They recognize the need to balance cutting cost in the short-term without having to sacrifice growth in the long term.  Here are the steps you can take:

Reduce Costs and Manage Cash Tightly.  Take a strategic approach to cost-cutting and capital preservation to withstand the slowdown while preserving capital for growth initiatives.  Because businesses can quickly become cash strapped, manage cash tightly, streamline inventory, and reduce accounts receivables – a strong balance sheet positions the company to fund capabilities for long-term growth.

Defend Your Market Position.  As part of the regular course of business, new threats emerge all the time as challengers try to take a piece of the action. Attacks become all the more prominent during a slowdown.  Even if the firm is in a strong defensive position with stable cash flows, it can become exposed to new threats and new vulnerabilities. For these reasons, monitoring and defending are vital to the well-being and the existence of the firm.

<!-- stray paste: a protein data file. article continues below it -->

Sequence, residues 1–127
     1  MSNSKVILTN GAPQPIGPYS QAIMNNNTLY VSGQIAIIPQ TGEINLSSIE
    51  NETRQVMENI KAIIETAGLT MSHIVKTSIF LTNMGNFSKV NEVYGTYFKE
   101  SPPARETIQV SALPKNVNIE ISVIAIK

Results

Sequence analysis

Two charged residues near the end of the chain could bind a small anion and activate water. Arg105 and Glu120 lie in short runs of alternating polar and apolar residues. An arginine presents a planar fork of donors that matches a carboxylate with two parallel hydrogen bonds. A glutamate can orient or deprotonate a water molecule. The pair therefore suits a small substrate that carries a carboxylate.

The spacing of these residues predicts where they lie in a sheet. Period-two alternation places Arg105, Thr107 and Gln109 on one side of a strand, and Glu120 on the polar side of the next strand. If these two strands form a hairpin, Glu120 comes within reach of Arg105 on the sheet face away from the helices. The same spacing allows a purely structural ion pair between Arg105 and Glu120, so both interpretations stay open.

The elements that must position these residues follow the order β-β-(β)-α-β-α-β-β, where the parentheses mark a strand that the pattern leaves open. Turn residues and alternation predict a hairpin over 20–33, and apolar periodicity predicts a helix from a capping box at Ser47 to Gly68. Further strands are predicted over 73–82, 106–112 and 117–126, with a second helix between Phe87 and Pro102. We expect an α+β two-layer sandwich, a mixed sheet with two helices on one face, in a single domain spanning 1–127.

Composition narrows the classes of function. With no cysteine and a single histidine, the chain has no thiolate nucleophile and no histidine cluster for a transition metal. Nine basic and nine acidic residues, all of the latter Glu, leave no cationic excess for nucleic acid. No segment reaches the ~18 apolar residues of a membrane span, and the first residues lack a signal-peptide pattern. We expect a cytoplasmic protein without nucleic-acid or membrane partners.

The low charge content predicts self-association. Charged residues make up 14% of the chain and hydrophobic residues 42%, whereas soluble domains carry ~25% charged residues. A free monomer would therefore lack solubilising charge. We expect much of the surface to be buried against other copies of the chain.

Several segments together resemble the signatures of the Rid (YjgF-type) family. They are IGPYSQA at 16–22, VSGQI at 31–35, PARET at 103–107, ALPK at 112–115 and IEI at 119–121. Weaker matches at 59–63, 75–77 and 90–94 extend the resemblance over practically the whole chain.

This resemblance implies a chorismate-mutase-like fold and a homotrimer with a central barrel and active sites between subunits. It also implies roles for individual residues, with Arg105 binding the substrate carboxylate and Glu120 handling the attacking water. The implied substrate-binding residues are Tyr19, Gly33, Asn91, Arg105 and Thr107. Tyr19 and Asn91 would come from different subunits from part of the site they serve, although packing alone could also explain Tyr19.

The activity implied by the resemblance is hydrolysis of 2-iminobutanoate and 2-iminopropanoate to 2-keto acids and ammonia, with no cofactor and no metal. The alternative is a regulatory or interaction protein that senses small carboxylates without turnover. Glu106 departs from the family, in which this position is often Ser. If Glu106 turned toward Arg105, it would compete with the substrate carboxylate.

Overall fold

Pursue Long Term Profitable Growth.  In dealing with a slowdown, it’s all too common for managers to focus their attention exclusively on cost cutting.  However, the biggest gains during slowdowns result from revenue growth.  This realization means investing in critical capabilities for future growth and taking advantage of shifting markets and M&A opportunities that struggling competitors cannot pursue.



During an economic slowdown, the context is similar for every company.  The critical point is to get ready and perform better than competitors.  There is a finite amount of time and a limited number of levers to use.  The strategy is to move quickly ahead of the pack and take the right steps on three fronts:  cost management, market defense, and profitable growth.

What is your next move?